Since sustainability became a buzzword for marketing purposes, companies have been making half-hearted attempts to monopolize on the trend without truly embodying the spirit of the movement. Products with biodegradable components advertised in big, glossy 40-page look-books; organic cotton t-shirts without complete supply chain transparency; “timeless” artisan constructed leather bags that aren’t intrinsically sustainable but go against the “fast-fashion” mentality. What it truly means to be sustainable in fashion is confusing, to say the least.
Which of these tactics are benefiting the environment as much as they are benefitting the wallets of the companies who employ them? How long can we continue down this path, convincing ourselves that small changes to select areas of the fashion industry are going to bring about the enormous shift in both consumer and corporate mentality we need to enact to significantly reduce the strain fashion puts on the planet? Maintainable sustainable consumption needs to come from multiple angles: a change in mindset from the customer, employment of life cycle assessments to truly understand the impact of products, as well as a complete reimagination of the market-cycle.
Consumers need to push beyond buying apparel that has token “environmentally friendly” practices tacked on to the hangtag. The current state of affairs should make people pay more attention to the authenticity of packaging claims and the origins of their purchases.
We are buying masks, paying close attention to their quality; conscious of their origins. We ask: were these made by a reputable source? What is the material? Are they multi-use? Is my purchase of this mask taking it away from someone in society who may have needed it more than me? What if we were to be so discerning when making clothing purchases as well. We could be asking: Can I be sure the workers who created this garment were treated fairly? How long will it last before it ends up in a landfill? Is it authentic?
Maybe our current situation will encourage us as consumers to slow down and make more deliberate purchasing decisions. By being forced to step away from the cycle of constant consumption, when we return it will hopefully be with a fresh set of eyes towards what is truly important: the health of humanity and the planet. While we are missing the tangible stimulation, and creative inspiration of physical retail spaces, when we return will we need less to get the same buzz. Some of the ostentation will have become too much.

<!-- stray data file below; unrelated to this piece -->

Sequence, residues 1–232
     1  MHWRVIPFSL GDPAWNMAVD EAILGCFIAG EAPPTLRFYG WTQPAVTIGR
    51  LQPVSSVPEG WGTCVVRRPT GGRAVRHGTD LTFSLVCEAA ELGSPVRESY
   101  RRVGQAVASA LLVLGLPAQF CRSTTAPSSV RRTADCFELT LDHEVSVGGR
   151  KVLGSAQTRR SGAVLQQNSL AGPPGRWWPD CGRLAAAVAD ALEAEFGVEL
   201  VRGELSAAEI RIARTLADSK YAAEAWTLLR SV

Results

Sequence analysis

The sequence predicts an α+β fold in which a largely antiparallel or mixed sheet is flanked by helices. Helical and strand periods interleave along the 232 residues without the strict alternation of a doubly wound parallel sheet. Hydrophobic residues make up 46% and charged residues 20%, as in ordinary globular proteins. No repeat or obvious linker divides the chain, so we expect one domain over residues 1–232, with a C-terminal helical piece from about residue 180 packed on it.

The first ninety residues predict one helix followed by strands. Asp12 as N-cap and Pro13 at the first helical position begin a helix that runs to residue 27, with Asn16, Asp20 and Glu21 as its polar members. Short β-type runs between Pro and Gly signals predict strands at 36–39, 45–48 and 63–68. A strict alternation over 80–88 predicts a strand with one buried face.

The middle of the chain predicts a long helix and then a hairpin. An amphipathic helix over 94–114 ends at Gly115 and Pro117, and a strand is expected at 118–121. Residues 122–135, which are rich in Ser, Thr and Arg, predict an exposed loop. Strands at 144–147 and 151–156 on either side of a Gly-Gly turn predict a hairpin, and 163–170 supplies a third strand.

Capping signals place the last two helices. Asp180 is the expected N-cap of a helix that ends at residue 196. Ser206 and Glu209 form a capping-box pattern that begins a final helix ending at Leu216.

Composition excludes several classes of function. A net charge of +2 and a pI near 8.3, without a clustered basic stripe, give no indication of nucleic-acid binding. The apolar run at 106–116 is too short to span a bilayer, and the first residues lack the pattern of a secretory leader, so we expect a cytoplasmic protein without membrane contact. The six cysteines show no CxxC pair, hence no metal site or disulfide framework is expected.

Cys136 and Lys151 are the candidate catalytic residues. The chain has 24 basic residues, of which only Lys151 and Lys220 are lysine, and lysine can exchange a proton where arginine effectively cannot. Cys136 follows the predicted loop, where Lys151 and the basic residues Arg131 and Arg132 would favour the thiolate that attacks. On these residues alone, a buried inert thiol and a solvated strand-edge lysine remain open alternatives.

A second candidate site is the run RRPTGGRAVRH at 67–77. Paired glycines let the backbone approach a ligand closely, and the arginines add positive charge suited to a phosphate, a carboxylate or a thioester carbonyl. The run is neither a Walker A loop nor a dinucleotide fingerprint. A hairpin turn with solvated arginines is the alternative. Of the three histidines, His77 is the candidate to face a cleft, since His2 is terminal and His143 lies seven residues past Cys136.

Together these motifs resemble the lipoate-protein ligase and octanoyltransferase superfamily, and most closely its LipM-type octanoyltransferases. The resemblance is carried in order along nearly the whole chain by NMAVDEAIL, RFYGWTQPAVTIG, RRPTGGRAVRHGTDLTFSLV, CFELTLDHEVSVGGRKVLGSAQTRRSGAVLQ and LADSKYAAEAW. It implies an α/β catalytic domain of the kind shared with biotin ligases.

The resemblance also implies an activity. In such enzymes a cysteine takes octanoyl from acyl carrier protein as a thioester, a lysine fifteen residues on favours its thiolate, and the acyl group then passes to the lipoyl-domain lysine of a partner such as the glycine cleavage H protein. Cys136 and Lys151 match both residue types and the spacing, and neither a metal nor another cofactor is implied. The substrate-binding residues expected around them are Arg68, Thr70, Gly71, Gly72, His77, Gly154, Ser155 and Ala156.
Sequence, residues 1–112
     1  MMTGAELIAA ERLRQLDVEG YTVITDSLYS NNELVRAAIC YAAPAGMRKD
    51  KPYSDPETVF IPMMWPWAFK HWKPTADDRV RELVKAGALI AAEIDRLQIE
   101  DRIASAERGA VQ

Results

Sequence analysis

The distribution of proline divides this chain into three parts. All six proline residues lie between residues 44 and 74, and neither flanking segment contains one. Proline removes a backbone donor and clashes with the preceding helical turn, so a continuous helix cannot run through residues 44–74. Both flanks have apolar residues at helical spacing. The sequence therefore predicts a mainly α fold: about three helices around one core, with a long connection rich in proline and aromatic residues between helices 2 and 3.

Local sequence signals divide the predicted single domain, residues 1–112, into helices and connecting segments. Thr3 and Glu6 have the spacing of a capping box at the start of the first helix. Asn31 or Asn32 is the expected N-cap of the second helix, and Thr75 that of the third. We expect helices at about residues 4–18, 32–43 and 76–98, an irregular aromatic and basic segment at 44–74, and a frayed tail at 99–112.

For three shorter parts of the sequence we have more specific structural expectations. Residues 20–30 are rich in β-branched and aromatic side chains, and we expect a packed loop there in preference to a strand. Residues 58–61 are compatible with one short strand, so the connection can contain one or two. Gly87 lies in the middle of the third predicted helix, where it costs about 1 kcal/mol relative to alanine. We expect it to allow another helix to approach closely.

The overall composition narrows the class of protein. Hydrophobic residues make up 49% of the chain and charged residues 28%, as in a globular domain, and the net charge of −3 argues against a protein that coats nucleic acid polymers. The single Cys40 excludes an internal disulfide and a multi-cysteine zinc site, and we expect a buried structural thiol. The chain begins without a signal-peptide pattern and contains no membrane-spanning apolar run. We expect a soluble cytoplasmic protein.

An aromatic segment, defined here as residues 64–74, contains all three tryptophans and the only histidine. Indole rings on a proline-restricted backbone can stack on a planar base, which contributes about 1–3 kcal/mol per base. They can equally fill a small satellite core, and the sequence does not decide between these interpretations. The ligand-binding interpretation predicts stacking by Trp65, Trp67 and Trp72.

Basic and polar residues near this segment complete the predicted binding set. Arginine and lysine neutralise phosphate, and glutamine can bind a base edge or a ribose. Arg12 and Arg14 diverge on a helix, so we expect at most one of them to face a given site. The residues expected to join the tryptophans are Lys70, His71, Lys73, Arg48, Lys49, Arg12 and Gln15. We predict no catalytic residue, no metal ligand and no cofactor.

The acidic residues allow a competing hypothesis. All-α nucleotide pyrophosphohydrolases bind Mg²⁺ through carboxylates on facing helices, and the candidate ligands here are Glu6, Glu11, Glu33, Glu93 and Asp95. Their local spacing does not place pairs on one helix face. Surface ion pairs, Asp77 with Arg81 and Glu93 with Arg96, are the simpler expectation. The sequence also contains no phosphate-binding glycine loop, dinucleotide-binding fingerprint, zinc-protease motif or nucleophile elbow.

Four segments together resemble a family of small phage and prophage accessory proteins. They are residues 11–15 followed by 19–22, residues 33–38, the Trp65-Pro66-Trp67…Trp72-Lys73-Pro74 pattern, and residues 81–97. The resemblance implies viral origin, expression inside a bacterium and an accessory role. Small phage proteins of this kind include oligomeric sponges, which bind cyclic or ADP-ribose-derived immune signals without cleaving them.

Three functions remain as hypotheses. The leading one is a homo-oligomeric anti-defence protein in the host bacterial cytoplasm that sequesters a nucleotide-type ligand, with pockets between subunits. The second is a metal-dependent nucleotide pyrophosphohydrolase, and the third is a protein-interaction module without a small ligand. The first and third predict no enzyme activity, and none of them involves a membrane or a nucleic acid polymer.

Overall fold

As fashion brands, we obviously want our customers to continuously purchase in order to turn a profit, but we have been churning out more product faster than ever before all while touting environmental sustainability. In many ways it’s contradictory.
Brands need to make deep changes to their supply chains, practices and ethos. By employing a life cycle assessment model when making sustainable manufacturing decisions, companies are able to gauge which tweaks to their process will truly have the most impact, beyond just giving them sustainability credibility with the consumer. This will also allow them to communicate more clearly with the customer what quantitative, tangible differences these changes in production make. A life cycle assessment follows a product from its raw material stage to manufacturing, packaging, transport all the way through its use and care by the customer until the point where it is either disposed of or reused.
Now, more than ever, transparency is important to both companies, and consumers. We are wary of where things came from, and how they got to us. We clean our deliveries religiously before they come in our house; we ensure that the companies that we are ordering from are treating their workers fairly during this time of crisis; and we have a greater appreciation for the means by which we are able to keep purchasing. By utilizing the above life cycle assessment model retailers are forced to fully understand the impacts of production from inception and can in turn more clearly communicate these findings with the end customer. When you purchase a recycled wool sweater, it means something to understand where the raw material was sourced from, that the extra money spent is providing living wages to the garment workers who produced it, that there was a conscious decision not to ship it with tissue paper and a printed receipt in order to reduce waste, and lastly that perhaps there is a way to care for it that is kinder on the environment and on the garment itself.
Beyond just the manufacturing of clothing, the fashion industry needs to take a step back and look at the impact of its entire model. How much international travel is really needed for fashion shows, markets and photo shoots? how many sample lines are truly essential? How many drops is too many? How can we reimagine our entire market cycle to be kinder to the planet, while still retaining the same excitement, creative spirit, and connectivity?
Maybe part of our problem was that our industry has become too prolific for its own good. Our marketers have become too good at convincing consumers to buy more, our designers are too efficient at dreaming up new lines, and our production lines are too good at executing last minute drops. As we have been forcibly put on pause, it’s clear that in the grand scheme of things sometimes more productive isn’t better, thoughtfulness and consciousness are undervalued traits that we as consumers and industry professionals need to take with us into this new normal.